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Tzatziki is a sauce, always served cold, made from strained yoghurt. You can mix it with chopped cucumber and herbs; mint, dill and thyme are especially good – that reminds us that the name comes from an old Persian word, zhazh (ژاژ), which means herbs used in cooking. Serve it as an appetizer (in Cyprus, we call appetizers like that “mezze”) or with grilled meat or fish. It’s also wonderful in a pitta with chicken souvlaki and chopped tomatoes, cucumber, lettuce, olives and feta cheese.

The Tzatziki secret: Improvise! Every good cook knows that a recipe is a starting point – it isn’t set in concrete, to be followed every time with no deviation allowed. But they are more than that; they are opportunities. And they don’t have to be big deal to be memorable. Take the man who was going away for a couple of days and decided on a scrambled egg breakfast before leaving.

He had half a tomato that had been intended for a sandwich filling but never used. Faced with the choice of using it now or throwing it away, he chopped it into small pieces, sprinkled them with black pepper and salt, and sautéed them in the pan with a little melted butter before adding the whipped eggs. He’d never done such a thing before, but those turned out to be the best scrambled eggs he had ever eaten.

And that’s what you can do with Tzatziki. Not just chopped and seasoned tomatoes, though that is certainly something you can add, but chopped mint, chopped olives, a little lemon juice – the list is almost endless, and all you have to do is remember which additions you enjoyed most so you can use them again.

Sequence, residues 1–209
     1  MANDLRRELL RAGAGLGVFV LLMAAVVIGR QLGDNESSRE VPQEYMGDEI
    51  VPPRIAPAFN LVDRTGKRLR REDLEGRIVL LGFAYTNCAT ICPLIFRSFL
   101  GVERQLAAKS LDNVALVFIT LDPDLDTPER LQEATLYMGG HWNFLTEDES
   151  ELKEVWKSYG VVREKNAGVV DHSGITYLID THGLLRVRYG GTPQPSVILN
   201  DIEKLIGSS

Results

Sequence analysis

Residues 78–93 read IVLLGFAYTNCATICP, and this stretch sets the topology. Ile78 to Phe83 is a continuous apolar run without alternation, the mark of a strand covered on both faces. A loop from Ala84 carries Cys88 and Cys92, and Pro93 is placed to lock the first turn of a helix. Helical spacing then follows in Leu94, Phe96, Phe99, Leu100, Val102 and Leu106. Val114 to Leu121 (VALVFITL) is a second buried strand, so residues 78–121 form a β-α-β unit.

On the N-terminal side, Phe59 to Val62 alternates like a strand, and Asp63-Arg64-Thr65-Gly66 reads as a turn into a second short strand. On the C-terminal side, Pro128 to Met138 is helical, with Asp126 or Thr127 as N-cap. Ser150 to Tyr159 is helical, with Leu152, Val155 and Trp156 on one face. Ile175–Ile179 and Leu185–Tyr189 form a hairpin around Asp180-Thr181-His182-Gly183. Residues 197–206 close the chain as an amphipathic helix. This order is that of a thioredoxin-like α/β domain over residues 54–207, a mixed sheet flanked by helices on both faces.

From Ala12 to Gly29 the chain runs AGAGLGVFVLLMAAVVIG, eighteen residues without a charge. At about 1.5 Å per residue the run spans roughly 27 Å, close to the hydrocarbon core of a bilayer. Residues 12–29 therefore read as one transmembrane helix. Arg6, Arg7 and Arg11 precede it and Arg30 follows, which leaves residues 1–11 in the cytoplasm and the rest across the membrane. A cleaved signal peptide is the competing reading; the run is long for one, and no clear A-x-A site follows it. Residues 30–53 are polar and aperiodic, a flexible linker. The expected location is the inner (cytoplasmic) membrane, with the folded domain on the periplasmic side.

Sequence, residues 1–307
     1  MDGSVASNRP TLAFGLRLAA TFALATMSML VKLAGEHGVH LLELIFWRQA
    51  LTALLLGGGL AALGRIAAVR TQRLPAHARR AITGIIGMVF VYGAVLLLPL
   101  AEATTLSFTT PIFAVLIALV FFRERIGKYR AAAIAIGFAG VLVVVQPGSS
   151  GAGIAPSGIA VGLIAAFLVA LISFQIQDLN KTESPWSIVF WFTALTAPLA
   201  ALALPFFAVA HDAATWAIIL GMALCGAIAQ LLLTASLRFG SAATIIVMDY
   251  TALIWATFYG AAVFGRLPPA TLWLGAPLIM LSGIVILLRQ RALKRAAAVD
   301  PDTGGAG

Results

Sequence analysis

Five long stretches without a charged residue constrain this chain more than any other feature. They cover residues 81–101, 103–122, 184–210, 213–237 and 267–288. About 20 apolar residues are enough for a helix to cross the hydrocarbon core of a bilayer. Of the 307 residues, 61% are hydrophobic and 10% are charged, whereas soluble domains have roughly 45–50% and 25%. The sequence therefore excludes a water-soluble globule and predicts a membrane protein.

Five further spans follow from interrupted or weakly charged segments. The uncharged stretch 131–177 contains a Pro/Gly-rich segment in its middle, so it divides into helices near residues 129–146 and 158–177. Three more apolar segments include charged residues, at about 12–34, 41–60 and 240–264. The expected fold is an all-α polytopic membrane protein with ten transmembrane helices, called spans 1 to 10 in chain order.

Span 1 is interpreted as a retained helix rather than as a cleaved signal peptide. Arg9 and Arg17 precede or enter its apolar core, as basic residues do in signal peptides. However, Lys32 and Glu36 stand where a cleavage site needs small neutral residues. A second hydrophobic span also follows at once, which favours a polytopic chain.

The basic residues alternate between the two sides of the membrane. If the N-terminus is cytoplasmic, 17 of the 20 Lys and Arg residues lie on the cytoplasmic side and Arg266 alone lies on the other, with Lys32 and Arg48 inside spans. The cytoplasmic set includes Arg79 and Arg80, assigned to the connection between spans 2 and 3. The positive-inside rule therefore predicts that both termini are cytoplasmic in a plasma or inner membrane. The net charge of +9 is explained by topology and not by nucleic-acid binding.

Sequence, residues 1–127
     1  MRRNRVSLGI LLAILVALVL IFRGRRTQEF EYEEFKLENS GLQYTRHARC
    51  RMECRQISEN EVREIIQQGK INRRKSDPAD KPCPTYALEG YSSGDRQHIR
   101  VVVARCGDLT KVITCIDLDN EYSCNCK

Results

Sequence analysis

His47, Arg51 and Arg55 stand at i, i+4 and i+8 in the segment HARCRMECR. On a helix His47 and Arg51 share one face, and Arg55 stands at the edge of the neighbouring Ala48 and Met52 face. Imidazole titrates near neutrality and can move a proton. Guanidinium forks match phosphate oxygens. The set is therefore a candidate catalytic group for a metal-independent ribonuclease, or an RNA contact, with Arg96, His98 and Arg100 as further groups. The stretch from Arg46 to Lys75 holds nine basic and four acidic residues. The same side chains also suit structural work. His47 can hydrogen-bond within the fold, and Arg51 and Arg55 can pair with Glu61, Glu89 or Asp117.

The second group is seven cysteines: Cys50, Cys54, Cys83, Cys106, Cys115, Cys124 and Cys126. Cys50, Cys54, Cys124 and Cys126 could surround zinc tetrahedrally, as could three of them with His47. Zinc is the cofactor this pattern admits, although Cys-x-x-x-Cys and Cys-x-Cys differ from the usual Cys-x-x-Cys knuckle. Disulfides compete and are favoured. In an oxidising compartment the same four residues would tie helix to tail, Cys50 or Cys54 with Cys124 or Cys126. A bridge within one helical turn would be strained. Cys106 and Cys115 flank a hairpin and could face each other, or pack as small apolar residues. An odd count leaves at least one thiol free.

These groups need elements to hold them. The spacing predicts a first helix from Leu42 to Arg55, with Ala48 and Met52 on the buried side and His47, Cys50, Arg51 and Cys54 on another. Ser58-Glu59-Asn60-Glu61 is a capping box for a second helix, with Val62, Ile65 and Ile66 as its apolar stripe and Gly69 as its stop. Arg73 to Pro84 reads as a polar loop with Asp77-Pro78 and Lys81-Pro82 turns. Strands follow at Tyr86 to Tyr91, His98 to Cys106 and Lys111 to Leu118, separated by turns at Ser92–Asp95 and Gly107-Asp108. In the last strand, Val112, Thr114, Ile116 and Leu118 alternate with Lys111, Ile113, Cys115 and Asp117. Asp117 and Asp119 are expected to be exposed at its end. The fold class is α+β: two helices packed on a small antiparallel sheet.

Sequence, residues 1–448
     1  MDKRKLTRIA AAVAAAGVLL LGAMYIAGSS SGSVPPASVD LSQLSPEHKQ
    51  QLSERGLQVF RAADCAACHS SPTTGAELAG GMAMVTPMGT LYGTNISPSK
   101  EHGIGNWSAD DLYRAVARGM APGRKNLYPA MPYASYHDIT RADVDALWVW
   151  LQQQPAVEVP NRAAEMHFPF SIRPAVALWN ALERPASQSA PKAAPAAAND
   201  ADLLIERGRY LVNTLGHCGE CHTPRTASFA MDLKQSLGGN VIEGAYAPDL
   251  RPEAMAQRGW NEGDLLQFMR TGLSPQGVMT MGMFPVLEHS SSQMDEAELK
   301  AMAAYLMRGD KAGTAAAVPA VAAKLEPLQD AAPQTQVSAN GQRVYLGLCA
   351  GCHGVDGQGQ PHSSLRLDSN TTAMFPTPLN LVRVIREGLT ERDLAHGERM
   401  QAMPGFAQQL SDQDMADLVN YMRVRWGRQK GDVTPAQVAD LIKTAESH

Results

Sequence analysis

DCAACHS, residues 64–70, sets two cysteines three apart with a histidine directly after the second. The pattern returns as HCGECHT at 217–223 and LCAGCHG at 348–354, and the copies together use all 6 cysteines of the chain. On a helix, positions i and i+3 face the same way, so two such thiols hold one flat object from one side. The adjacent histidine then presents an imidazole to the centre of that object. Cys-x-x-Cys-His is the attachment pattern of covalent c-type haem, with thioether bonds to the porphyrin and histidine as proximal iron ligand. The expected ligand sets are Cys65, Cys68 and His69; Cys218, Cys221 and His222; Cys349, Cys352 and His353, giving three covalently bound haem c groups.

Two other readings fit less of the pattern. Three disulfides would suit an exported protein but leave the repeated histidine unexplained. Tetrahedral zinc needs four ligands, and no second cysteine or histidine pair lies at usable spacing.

Here are some suggestions you might want to bear in mind:

  • Walnuts – very popular in Bulgaria and Serbia
  • Dill – we’re moving here into fish country, and if you wanted also to add some capers, you would have the most wonderful source for eating with mackerel or other oily fish, as well as squid
  • Chopped anchovies. This is not for everyone, just as not everyone likes anchovies on their pizza, but for anchovy lovers, it’s an unforgettable combination
  • Extra garlic, extra cucumber, and even more mint – tzatziki and mint are like gin and tonic; a marriage made in heaven
  • Sumac, cumin and paprika are all herbs that you’ll find added to tzatziki somewhere. The secret with herbs, here and in so many other places, is: don’t overdo them. What you want is not to overwhelm the taste buds but for people to say, ‘Oh, my. There’s a hint here of…now, what’s that?’

Company Info

Contact Person: Nikos Andrea
Mailing Address: Koniele Trading LTD,
Evagorou 6, Dromolaxia, Cyprus 7020
Call/Text: 00 357 97 884776
Company Reg. No: HE343968